Wildwood- original forest from the last ice age
Memorials – graveyards crematoria and special areas
Nurseries and specialist tree vendors
National Trust Properties
Wild in nature
If you wish to take issue with my selection or know where I have ignored a favourite ‘tree zone’ then send us a comment.
The flowering crab apples, Malus Rosaceae, are excellent floral trees with the added bonus of small usually edible fruit. The Malus Red Sentinel above has a profusion of small hard red autumn fruit that can be admired in the garden, left to feed birds, converted into a jelly or added to other food dishes. Crab apples generally contain a deal of pectin and are seldom eaten uncooked.
Favourite Crab Apple Varieties
Golden Hornet is a small tree with white flowers producing a large crop of small yellow fruit.
John Downie perhaps the best fruiting large conical crab apples of bright orange to red.
Jay Darling is ornamental with large, deep red flowers and crimson tinted foliage.
Eleyi has purpleish shoots and very decorative purpleish fruit in Autumn. Slightly later flowering and a good pollinator.
Profusion is a fragrant hybrid with large wine red clustered flowers. Ox-blood red fruit make this one of the best Crab Apples.
The best trees for chalk soil conditions tend to be locally grown and not be Dutch imports. In fact they resemble shrubs more than trees but there are the odd exception that are tree like.
Lilac trees will tolerate limey chalk or clay soils. They are grown for the wonderful scent of the lilac blossom in spring and other than that they are not much of a feature. Syringia vulgaris Primrose is a white flowered variety and Syringia vulgaris Sensation has purple flowers with white edges. The flowers of the lilac make conical panticles which are useful in large flower arrangements.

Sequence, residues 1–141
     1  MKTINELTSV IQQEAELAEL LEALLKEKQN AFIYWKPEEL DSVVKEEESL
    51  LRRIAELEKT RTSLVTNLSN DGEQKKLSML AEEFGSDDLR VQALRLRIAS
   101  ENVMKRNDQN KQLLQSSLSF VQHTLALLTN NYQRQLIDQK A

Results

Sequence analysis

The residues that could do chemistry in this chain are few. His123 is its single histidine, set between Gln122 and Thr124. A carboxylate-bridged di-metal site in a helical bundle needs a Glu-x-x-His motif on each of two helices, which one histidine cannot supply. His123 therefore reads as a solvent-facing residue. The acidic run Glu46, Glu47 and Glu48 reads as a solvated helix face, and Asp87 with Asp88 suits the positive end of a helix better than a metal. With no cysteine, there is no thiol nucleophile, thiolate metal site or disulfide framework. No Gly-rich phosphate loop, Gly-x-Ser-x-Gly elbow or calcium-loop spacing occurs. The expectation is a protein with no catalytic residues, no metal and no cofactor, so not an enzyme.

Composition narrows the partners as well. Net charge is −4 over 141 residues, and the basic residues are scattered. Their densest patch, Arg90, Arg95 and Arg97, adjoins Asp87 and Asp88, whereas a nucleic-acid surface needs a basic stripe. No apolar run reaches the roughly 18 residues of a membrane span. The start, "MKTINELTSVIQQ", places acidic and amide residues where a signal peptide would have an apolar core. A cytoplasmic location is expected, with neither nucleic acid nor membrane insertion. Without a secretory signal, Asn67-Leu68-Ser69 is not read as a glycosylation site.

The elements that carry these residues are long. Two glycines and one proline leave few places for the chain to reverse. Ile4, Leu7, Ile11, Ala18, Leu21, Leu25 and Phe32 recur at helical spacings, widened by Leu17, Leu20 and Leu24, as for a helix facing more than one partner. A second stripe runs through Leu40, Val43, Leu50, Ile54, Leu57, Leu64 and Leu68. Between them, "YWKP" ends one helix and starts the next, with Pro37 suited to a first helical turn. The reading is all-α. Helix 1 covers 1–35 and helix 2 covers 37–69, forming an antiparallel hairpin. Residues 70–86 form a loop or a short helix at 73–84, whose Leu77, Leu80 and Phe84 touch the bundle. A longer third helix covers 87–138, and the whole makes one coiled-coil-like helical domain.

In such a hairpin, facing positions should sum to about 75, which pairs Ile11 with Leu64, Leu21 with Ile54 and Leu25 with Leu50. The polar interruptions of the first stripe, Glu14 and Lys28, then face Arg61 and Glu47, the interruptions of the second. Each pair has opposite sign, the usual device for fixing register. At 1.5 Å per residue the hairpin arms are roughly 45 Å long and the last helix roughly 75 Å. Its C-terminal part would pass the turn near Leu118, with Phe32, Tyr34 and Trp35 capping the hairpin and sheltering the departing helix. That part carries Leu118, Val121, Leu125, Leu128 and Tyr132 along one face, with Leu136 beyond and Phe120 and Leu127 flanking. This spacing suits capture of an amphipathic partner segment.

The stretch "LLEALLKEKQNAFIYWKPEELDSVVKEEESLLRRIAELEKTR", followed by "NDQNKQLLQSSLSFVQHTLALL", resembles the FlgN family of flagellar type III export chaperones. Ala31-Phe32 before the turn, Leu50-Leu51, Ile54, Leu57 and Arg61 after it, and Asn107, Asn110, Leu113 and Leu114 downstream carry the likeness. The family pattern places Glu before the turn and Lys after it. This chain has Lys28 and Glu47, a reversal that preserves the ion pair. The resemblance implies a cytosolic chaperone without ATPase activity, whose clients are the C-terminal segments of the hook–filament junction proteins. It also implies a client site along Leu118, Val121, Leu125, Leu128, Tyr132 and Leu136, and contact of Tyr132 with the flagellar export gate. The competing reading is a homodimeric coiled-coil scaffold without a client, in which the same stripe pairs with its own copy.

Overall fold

Generically called the thorn these small trees have a variety of flowers and berries depending on the species including the Hawthorn. All species seem to do well in chalk soil. Crataegus laevigata Crimson Cloud has bright red flowers whilst Pauls Scarlet is a round-headed tree with red haws in autumn.
They are hardy and will tolerate pollution and some shade but perform best in full sun.
Aesculus Horse Chestnuts produce conkers not edible chestnuts. They are stately trees needing room to grow to over 16 feet.
Aesculus parviflora is one of the smaller growing varieties that will suit a garden with chalk soil.
Carpinus betulus Hornbeams are a small genus of medium sized trees for chalk soil. Carpinus betulus Frans Fontaine is a slender fastigate form retaining its narrow habit with age. Carpinus japonica has many catkins, corrugated leaves and grows in a wide spread suitable for garden use.
Sambucus is a hardy shrub or small ornamental tree for chalk soil or many other conditions. Sambucus nigra has black leaves and light pink to white flower bracts.